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February 10, 2015


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Finally, law professors have woken up and realized that they like other businesses must do marketing and customer development.


Law school critic here, but the decline seems to be bottoming out.


Anonymouse, I think it is still too early to make that call. The numbers have been quirky lately. I still think we'll see a decline between 6-8% this year, which is significant. What happens next year is anyone's guess.


Marketing and customer development don't get you very far when so few law professors have had the sorts of jobs that students want after graduation or even care about anything but their law review articles. It's all a big joke.


Adding to JM’s note, look at LSAT administration. Acceleration of the decline may be tailing off, but that doesn’t mean overall attendance will level out.
Perhaps a less competitive market for TTT admission drives fewer retakes, but so long as the LSAT continues declining, expect there to be a reduction in applicants.
There’s a generational aspect to this. Millenials’ parents used the generic examples of good jobs as “doctors and lawyers.” Younger generations’ generic example of a good job will be doctors alone. As long as the profession loses its reputation/prestige, don’t expect a stabilization or significant increase to pre-2009 levels.


Anon at 10:23. Actually millenials have expanded good jobs to include allied medical fields (nurse practitioner, physician's assistant, PT, OT), software/web work and even CPA.


@ anon123, those are good jobs, but they are still considered middle class jobs. Doctors and Lawyers used to occupy a status as the quintessential upper class jobs. That doesn't apply across the board to attorneys anymore since pretty much anyone can obtain the degree and it leads to poverty and unemployment far more often than wealth.


What is problematic, but interesting, is how the number of applications feeds into the offer number, and that in turn to the enrollment rate.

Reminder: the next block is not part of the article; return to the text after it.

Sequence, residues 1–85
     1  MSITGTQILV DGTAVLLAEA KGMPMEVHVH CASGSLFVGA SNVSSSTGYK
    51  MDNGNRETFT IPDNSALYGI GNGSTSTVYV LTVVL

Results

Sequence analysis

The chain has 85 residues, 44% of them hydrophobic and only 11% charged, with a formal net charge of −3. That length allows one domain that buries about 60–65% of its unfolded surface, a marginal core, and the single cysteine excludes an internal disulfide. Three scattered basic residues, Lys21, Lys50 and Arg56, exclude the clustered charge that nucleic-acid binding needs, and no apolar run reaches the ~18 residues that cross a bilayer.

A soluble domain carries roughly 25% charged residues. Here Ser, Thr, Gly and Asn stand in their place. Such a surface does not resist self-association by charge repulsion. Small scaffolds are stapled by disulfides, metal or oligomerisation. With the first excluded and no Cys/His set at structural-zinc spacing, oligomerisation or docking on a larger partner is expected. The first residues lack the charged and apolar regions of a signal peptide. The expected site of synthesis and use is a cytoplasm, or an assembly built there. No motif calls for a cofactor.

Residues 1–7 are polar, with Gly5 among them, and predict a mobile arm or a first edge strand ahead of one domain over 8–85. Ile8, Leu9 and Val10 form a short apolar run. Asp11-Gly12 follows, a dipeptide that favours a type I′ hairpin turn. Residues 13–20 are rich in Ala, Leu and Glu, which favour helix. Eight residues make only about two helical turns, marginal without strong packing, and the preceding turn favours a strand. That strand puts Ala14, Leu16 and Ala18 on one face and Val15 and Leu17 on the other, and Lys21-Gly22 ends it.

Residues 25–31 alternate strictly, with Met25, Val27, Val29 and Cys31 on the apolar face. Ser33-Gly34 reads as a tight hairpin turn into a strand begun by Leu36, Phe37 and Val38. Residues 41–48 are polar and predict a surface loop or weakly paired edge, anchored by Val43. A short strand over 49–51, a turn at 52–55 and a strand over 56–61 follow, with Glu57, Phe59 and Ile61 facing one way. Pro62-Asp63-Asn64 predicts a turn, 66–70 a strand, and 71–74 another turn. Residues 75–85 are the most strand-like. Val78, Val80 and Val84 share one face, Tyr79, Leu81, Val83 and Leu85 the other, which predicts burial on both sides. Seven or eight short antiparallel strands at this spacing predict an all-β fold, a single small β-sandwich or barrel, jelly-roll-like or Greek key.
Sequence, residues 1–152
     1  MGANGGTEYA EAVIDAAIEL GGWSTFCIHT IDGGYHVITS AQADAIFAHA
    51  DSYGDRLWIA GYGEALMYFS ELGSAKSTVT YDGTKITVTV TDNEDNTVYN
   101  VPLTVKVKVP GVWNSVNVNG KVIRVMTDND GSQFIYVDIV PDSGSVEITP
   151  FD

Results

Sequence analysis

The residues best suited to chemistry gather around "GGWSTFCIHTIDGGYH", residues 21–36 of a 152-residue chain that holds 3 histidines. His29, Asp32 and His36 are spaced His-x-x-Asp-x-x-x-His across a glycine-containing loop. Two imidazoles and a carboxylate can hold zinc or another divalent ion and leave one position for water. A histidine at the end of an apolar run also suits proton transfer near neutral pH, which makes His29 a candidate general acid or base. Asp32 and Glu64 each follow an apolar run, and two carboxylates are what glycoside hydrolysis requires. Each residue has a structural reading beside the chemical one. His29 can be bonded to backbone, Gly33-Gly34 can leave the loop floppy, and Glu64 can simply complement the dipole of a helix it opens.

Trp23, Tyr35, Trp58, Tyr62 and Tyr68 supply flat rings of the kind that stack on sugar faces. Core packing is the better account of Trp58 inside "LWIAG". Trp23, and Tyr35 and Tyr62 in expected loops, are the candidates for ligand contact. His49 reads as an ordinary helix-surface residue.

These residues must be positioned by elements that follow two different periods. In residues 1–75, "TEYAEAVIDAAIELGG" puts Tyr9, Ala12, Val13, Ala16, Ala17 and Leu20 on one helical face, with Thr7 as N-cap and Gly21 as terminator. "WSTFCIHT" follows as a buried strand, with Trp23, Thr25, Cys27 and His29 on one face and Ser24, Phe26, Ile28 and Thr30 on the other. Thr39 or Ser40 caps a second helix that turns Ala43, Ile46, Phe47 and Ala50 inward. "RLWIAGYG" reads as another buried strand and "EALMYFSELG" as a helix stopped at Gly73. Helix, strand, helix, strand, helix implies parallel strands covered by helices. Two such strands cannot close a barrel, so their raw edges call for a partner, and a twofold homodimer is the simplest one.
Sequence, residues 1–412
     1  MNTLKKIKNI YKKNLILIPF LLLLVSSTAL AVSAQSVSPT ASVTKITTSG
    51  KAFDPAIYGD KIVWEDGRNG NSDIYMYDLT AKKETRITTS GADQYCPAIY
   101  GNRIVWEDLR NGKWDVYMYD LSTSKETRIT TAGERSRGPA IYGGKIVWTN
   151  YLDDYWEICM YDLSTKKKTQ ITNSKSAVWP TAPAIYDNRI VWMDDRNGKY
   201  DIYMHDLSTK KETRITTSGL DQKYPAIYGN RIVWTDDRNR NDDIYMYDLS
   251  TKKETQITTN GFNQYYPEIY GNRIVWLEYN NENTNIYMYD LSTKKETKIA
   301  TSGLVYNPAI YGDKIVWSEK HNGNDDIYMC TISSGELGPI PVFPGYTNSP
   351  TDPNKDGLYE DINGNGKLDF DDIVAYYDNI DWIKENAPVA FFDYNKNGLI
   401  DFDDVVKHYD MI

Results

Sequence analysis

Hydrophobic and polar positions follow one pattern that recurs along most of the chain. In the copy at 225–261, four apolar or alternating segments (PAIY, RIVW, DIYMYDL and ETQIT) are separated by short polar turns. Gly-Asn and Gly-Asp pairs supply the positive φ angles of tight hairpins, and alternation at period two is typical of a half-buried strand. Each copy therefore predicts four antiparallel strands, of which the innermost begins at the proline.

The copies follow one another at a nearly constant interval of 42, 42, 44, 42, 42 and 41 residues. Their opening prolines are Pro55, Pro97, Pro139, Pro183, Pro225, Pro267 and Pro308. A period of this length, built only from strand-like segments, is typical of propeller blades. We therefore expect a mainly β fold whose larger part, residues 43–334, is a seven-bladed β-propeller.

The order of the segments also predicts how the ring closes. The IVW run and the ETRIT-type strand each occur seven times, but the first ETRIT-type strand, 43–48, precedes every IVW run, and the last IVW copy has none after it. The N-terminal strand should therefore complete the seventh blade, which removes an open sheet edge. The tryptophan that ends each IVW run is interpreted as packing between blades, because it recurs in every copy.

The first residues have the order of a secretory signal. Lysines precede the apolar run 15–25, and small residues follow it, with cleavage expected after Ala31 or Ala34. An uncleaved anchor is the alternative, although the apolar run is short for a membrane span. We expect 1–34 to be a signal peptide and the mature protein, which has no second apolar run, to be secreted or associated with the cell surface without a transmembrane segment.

Further on my earlier post - it is hard to know if the number is accurate - but as I raised on the last report, one question is how the number of applications and the number of applicants feeds through into enrolled law students and ultimately to lawyers passing the bar exam

Although it is fair to say that some law schools have decayed to the point where they genuinely appear to have open enrolment - this is not yet true of the majority of law schools. Not all applicants send their applications to say Florida International, rather sending their applications to schools that are at least 'marginally' selective. This is why last year there was a just under 80% acceptance rate (too high I think, but still it means that 20% did not get an offer.) Similarly, of those who get accepted only about 85% actually enrol.

This leads to the general conclusion that even assuming arguendo that there are 51,000 applicants or thereabouts, that will result in some 34,000 enrolled students (and down the line to some 25-26,000 new lawyers.)

However, it would seem to me that the shrinkage at each step in the process may be effected by the measures law schools are taking to keep up applicants numbers - not to mention the possible impact on tuition revenue and its concomitant impact on the financial stability of law schools.

As for my view as to when the decline will "bottom out" - when law graduate numbers are some 20% or more below the market for the graduates - so somewhere around 15-18,000 - then numbers will start to rise to somewhere around anticipated demand. That translates to around 40,000 applicants - or a further 20% decline. If this had been an 8% decline we would be about 2-3 years away from that point.



I think your reasoning is sound. I don't believe applicants will give law schools the opportunity to accept more than 80% of the pool, so that number will stay where it is. What this means is that any further decline in applicants will come straight out of enrollment. In the past, schools had the option to become less selective to mitigate the drop in enrollment.